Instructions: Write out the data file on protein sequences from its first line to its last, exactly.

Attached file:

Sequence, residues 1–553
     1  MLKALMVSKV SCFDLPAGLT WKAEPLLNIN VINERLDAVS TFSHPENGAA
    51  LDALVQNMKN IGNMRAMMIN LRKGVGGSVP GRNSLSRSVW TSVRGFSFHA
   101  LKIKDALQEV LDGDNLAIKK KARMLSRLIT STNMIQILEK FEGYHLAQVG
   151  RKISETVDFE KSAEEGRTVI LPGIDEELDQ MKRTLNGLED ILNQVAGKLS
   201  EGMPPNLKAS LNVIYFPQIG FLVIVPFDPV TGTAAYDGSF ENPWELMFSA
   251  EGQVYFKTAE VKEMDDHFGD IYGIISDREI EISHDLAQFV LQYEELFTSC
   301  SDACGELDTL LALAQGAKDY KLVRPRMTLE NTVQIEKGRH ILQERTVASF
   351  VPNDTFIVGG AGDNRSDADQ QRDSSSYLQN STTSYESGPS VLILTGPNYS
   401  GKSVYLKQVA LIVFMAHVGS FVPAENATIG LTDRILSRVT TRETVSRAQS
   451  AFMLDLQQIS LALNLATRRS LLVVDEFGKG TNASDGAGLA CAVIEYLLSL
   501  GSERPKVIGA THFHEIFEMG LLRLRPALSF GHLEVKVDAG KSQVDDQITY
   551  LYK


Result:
Sequence, residues 1–553
     1  MLKALMVSKV SCFDLPAGLT WKAEPLLNIN VINERLDAVS TFSHPENGAA
    51  LDALVQNMKN IGNMRAMMIN LRKGVGGSVP GRNSLSRSVW TSVRGFSFHA
   101  LKIKDALQEV LDGDNLAIKK KARMLSRLIT STNMIQILEK FEGYHLAQVG
   151  RKISETVDFE KSAEEGRTVI LPGIDEELDQ MKRTLNGLED ILNQVAGKLS
   201  EGMPPNLKAS LNVIYFPQIG FLVIVPFDPV TGTAAYDGSF ENPWELMFSA
   251  EGQVYFKTAE VKEMDDHFGD IYGIISDREI EISHDLAQFV LQYEELFTSC
   301  SDACGELDTL LALAQGAKDY KLVRPRMTLE NTVQIEKGRH ILQERTVASF
   351  VPNDTFIVGG AGDNRSDADQ QRDSSSYLQN STTSYESGPS VLILTGPNYS
   401  GKSVYLKQVA LIVFMAHVGS FVPAENATIG LTDRILSRVT TRETVSRAQS
   451  AFMLDLQQIS LALNLATRRS LLVVDEFGKG TNASDGAGLA CAVIEYLLSL
   501  GSERPKVIGA THFHEIFEMG LLRLRPALSF GHLEVKVDAG KSQVDDQITY
   551  LYK